Written By: Nameless N00b_15
I am having a wonderful start to the year as I’m entering the tail end of my (undergraduate) college career, my research project is going well, and I’ve started dating an amazing woman. However, January has been… slow for quality metal releases. Can Hecate Enthroned buck the trend and save us all? Embrace of the Godless Aeon is the sixth album from these Brits as they push past the twentieth year in their recording career. Coming off a five year release gap and sporting a new vocalist, is there any hellfire left in their demonic well of blackened death metal?
The first thing you should know is that the blackened death tag is at best incomplete and at worst misleading. This is made abundantly clear by the expectation shattering opener “Ascension” that greets the ears with music box and orchestral string samples for just over 90 seconds. The true opener, “Revelations in Autumn Flame” goes in the complete opposite direction, blasting out of the gates with nearly Zos Kia Cultus levels of aggression. Thus is revealed the great dichotomy of this album. Good, possibly great metal, bogged down by a less than inspired orchestral counterpart that does not do its fair share of the work.
This album is very much a tale of two sounds. The metal is both immediately gratifying and robust under scrutiny, while the orchestrations are all bark and no bite. They feature heavily on almost every single track, from the almost cinematic strings on “Silent Conversations with Distant Stars” and lead single “Temples that Breathe” to more atmospheric work on “Whispers of the Mountain Ossuary” and several other tracks. They aren’t as crucial compositionally as the orchestra is to a Septic Flesh or Fleshgod Apocalypse, but the prevalent usage in down and up tempo moments can’t be ignored. The most confounding thing is that for the amount of mileage the band is trying to get out of the orchestra, they only used high pitch string arrangements. The use of church bells and a sinister choral arrangement on closer “Erebus and Terror” exemplifies what could have been accomplished with a more diverse set of orchestrations, but it passes as quickly as it arrives. There are many times throughout Embrace of the Godless Aeon that I think you could remove the orchestrations and the song would not be hurt.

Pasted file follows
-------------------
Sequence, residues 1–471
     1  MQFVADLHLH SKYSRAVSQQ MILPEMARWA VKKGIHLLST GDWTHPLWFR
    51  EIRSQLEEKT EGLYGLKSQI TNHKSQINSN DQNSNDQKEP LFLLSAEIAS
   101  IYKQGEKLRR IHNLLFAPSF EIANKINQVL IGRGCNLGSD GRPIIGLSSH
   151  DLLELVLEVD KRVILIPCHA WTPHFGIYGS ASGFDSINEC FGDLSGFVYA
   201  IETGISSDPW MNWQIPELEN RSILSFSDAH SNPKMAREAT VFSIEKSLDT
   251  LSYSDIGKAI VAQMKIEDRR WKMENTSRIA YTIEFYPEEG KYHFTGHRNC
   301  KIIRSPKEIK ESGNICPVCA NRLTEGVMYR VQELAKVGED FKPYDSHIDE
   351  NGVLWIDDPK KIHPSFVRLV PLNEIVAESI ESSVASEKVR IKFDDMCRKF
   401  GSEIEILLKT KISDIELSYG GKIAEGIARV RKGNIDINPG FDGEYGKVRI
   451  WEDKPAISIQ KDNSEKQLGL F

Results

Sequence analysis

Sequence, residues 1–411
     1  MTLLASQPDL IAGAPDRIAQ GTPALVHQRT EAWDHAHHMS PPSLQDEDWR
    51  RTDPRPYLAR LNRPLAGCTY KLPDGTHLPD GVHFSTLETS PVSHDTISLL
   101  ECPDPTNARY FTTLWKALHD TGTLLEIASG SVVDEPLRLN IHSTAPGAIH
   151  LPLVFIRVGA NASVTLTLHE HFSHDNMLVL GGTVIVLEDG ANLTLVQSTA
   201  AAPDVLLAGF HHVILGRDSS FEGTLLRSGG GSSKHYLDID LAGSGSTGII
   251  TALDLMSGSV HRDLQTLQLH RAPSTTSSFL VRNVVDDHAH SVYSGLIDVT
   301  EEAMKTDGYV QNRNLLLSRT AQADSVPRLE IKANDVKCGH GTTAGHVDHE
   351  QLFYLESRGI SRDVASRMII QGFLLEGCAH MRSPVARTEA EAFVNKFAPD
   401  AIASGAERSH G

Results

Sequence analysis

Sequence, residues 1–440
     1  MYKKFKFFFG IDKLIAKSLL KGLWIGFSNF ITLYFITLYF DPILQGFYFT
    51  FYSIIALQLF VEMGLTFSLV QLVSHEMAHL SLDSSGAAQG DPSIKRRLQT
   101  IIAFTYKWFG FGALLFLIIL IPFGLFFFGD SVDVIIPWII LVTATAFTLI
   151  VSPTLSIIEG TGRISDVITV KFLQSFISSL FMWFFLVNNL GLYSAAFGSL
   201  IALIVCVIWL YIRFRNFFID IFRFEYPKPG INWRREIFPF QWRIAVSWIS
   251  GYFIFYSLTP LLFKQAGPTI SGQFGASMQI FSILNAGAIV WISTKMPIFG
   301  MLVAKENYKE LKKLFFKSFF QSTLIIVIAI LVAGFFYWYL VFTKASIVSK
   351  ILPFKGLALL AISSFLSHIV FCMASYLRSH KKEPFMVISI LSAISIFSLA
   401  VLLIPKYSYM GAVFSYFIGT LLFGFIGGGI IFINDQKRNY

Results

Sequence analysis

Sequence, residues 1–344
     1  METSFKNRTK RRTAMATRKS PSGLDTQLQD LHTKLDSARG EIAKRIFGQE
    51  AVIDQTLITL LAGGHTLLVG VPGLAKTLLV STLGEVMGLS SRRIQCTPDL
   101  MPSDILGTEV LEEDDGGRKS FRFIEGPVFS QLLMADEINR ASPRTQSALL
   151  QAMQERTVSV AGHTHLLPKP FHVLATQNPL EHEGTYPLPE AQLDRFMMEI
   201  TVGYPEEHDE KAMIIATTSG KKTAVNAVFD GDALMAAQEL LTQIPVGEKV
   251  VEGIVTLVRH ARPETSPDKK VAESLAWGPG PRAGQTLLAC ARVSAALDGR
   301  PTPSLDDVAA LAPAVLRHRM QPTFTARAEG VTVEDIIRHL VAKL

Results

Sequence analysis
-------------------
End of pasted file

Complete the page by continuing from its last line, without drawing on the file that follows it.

The good news is that the music the orchestrations got tacked onto is very good. Guitarists Nigel and Andy lay out a feast of deathly riffs and blackened tremolos on all the tracks, and new front man Joe delivers a good variety of shrieks and growls, though his upper range sounds weak at times. In contrast to the almost certainly sampled orchestrations, the piano segments provided by Pete are wonderful, particularly on “Enthrallment” and “Goddess of the Dark Misfits,” which also features the wonderful vocal talents of Sarah Jezebel Deva1 in a duet with Joe. Additionally, the production is quite good, giving a fair share of the sonic spectrum to all instruments, sampled or otherwise. The only quibble I have is that the cymbals and splashes sound downright sad at points throughout the album, like a high pass filter got applied a little too liberally
Hecate Enthroned delivered an album I had a very difficult time rating. I usually go through about three drafts before I have a workable product, but I rewrote this one seven times as I ruminated on the appropriate response. Should I excoriate Embrace of the Godless Aeon for trying too hard with unnecessary yet mostly harmless orchestrations or praise it for delivering killer blackened death metal that just so happens to have mediocre orchestral accompaniment? For once I find myself wishing that a band had been more enthusiastic in their application of an orchestra. Still, they deserve some credit for the amazing feat of making me feel an emotion towards black metal other than abject apathy.